I thought of Fanny Ardent - but she's several years too late. A 20 years younger jeanne Moreau or a new Simone Signoret - my favourite actress ever ! ( and not because her name, nor even because of Yves Montand).
I just can't think of any right-aged french actress today. But there are certainly a number of suitable ones.
As for Cheri, any 20 YO black haired youth with a tormented look and passionate mouth will do! As for Ms. Bates, I can hardly imagine her as a "maitresse" even 20 years ago!!! What a casting! An they speak English , Oh mon Dieu ! Still I'll go and see the movie. Because of the hats...
Thanks David, and OLD hippie indeed!!!

No more war, life is sooooooooooooo short! Crying or Very sad Crying or Very sad
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Debbie



Joined: 21 Feb 2005
Posts: 861
Location: Paris

PostPosted: Tue Jul 14, 2009 11:30 am    Post subject: Reply with quote

Well, finished P&P&Z. The longest it hs ever ever ever taken me to read a book! Laughing It was nice though to ration it out as a treat each day.

Well, I think I must have been infected somehow as I craved cauliflower the past month..... have decided that I must really be a zombie as a head of fresh cauli looks extremely appetising to me. Laughing Laughing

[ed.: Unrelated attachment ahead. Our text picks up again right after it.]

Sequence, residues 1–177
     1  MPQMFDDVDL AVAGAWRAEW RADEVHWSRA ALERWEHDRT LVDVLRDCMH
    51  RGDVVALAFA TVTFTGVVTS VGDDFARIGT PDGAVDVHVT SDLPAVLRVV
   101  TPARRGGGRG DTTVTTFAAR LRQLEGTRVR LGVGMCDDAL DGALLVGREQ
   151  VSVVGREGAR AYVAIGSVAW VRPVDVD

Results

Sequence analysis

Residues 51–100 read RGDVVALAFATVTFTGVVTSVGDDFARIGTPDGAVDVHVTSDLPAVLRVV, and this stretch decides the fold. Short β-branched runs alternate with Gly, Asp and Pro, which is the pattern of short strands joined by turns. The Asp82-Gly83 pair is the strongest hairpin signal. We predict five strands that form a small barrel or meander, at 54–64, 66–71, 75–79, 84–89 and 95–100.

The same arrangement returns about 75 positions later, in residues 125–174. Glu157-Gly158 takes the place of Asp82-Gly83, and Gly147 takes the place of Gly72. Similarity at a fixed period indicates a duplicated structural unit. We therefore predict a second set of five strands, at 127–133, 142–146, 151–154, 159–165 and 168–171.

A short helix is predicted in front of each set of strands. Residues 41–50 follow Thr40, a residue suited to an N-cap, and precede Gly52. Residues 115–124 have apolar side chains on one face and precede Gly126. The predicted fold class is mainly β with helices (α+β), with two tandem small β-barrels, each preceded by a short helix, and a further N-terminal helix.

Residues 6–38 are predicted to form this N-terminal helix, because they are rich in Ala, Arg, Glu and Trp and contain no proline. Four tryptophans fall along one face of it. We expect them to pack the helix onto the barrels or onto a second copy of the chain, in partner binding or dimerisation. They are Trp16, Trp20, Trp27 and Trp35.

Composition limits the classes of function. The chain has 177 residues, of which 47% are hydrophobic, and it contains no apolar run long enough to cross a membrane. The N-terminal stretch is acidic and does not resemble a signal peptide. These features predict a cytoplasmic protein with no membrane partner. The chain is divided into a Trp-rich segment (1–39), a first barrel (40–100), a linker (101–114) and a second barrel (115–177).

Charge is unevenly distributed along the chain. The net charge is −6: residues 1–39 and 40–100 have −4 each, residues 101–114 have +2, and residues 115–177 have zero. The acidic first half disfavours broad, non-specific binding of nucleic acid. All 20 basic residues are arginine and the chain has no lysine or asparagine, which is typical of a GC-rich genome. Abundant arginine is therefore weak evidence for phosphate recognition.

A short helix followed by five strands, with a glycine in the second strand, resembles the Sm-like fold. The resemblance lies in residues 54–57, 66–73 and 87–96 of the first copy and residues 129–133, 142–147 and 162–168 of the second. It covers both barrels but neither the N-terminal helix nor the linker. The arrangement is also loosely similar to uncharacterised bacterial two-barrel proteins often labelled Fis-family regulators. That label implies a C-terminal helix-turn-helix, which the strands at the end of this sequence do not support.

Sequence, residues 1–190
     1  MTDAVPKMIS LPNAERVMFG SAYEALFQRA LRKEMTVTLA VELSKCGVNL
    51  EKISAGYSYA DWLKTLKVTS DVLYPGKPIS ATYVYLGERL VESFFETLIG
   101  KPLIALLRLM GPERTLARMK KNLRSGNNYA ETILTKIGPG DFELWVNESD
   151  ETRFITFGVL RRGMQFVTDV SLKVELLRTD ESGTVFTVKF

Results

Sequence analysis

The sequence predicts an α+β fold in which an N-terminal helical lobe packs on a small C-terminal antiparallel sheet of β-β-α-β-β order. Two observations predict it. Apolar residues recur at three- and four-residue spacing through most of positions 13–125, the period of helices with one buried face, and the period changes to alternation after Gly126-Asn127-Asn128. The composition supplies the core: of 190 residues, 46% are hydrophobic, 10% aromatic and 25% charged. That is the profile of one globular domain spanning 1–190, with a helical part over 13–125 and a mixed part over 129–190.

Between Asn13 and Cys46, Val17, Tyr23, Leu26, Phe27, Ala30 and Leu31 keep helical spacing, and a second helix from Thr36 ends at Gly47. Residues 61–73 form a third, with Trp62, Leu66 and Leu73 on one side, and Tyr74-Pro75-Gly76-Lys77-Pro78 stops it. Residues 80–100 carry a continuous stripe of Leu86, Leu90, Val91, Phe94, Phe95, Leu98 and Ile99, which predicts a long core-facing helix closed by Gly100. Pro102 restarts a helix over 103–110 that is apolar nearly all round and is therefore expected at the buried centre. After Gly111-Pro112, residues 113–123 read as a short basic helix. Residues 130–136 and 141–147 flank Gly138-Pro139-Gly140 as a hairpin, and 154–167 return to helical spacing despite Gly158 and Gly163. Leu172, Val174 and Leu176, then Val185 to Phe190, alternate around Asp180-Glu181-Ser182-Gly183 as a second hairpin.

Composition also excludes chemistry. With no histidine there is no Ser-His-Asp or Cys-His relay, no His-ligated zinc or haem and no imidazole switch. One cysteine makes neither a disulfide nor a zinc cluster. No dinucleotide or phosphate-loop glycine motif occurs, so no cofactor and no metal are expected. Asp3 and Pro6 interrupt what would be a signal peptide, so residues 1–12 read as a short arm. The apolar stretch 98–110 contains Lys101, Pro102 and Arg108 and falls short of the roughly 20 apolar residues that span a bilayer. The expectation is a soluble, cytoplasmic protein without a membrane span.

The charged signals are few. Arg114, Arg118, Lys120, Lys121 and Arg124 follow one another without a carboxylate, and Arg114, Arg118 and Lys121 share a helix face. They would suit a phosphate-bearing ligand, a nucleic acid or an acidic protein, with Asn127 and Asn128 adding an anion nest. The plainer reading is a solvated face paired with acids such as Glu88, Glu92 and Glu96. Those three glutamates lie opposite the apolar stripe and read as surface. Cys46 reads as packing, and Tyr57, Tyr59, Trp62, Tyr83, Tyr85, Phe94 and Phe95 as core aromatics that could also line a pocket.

What a great book. I loved every sentence and a few times found myself laughing out loud.

Thank you Bainst!!

A friend gave me a box of old books from early 1900's. They belonged to her sister and father who have both passed away. I feel so privileged that she chose me to give them to. Beautifully bound in linen or leather. Some with block prints inside. They are part of a collection. Cannot wait to start reading them. Amongst the collection is the diary of Samuel Pepys in two parts. Will be interesting to see what has changed for the modern edition I have read.
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If you cannot feel your arteries hardening, eat more cheese. If you can, drink more red wine. Diet is just "die" with a "t" on the end. Exercise is walking into the kitchen.
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bainst



Joined: 07 Aug 2005
Posts: 151
Location: Baghdad, Iraq

PostPosted: Wed Jul 15, 2009 4:31 am    Post subject: Reply with quote